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Hirola Conservation

Hirola is one of the world's most rare and critically endangered antelope. If the hirola becomes extinct, we not only loose a species but an entire genus for all time. Since the 1960's the hirola has occupied a restricted range along the border of Kenya and Somalia, although in 1997 it was considered possibly to have become extinct in Somalia. Its numbers increased from about 1000 in the early 1960's to 14,000 in the early 1970's. It then underwent two drastic declines, from 14,000 down to about 2000 from 1976 - 1978 and from 2000 to 300 in 1995. Currently it is confined to a small area of south-eastern Kenya (Ijara district), while its status in Somalia is unknown.

Kenya Wildlife Service together with other donors have been working to save this precious species from extinction. In 1963, a founding population of 10-20 hirola was released into Tsavo East National Park. This population grew to 79 individuals by 1996. In 1995 Hirola Management Committee (HMC), which is currently housed at KWS, was formed with the mandate of conserving this species. In 1996, with assistance from donors, another 29 hirola were translocated into the Tsavo East population. There are now an estimated 100 hirola in Tsavo East National Park.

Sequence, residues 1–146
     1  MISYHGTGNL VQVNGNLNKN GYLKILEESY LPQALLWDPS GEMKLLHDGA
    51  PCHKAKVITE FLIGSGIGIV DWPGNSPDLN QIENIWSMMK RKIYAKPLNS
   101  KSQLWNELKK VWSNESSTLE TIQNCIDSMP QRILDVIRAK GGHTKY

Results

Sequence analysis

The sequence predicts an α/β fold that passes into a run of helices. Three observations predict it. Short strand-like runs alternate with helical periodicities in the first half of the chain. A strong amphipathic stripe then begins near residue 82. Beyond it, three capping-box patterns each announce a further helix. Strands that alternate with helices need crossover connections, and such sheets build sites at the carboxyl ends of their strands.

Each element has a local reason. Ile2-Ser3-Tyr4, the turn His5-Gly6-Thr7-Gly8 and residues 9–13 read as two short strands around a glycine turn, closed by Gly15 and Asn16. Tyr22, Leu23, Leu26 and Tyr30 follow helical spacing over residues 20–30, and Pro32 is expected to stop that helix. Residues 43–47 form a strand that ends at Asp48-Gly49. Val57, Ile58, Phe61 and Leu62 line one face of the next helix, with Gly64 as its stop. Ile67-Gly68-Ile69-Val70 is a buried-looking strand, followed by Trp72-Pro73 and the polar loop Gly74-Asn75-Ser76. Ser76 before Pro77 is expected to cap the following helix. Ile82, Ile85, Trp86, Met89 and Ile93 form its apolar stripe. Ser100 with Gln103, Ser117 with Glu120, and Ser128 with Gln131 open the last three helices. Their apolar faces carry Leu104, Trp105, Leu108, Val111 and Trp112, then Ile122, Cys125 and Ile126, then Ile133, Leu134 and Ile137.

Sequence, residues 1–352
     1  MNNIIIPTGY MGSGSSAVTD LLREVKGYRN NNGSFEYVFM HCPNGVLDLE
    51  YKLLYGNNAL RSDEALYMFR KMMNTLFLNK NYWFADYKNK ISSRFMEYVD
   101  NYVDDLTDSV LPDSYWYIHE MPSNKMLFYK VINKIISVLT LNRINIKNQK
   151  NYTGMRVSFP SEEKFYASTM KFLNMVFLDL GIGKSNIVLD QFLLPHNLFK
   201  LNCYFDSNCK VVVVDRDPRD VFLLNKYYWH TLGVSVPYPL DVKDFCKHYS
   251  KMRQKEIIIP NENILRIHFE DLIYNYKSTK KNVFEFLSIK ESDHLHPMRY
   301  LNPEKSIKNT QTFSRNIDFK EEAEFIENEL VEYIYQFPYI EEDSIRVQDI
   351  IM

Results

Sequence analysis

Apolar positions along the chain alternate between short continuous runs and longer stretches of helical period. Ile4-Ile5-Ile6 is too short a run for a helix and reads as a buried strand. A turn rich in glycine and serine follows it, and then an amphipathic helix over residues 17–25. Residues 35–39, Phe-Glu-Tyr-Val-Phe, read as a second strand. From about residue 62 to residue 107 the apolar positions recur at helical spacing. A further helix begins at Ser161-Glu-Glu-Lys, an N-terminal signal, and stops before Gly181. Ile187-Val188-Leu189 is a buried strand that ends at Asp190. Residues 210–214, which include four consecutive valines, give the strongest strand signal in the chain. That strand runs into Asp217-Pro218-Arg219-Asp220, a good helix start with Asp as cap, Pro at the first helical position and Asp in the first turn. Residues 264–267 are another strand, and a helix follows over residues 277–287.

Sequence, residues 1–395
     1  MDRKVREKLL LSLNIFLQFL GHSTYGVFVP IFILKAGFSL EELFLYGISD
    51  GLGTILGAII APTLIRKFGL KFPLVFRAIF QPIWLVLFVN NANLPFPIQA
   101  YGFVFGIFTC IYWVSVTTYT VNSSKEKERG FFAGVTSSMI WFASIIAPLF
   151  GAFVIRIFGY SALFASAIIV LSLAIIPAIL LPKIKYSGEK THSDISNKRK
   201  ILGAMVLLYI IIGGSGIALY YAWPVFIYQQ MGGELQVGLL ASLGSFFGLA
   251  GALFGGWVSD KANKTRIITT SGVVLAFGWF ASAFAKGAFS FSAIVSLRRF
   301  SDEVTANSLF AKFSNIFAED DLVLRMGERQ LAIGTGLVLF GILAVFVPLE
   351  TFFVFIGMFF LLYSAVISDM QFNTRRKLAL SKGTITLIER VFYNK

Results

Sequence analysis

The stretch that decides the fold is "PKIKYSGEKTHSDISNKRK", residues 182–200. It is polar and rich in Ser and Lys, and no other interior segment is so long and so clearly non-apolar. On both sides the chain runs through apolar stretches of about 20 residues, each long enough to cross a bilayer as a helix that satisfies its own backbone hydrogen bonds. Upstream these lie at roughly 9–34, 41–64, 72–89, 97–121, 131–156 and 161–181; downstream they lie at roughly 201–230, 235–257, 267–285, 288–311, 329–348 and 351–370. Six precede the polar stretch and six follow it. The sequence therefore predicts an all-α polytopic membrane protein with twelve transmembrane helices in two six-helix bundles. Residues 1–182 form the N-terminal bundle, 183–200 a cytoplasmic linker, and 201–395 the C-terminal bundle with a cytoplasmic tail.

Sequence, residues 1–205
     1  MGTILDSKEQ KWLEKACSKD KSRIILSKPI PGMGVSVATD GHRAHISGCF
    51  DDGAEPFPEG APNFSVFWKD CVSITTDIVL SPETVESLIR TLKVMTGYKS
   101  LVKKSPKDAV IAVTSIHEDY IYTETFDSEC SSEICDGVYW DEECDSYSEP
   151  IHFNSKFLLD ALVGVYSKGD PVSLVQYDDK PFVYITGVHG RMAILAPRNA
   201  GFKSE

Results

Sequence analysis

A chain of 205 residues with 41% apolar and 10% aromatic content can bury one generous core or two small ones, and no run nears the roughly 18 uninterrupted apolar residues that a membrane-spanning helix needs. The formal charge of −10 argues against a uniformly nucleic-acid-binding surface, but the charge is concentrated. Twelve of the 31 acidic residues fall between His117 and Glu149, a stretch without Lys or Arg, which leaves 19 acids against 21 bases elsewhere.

Conservation of these animals in their natural range is still of the major objectives of KWS. And, huge amounts of resources are required to accomplish this.

For more information Contact:

Hirola Conservation
Tel: +254-20-600800
E-mail : hirola@kws.org
 

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2014 Conservation Fees

 
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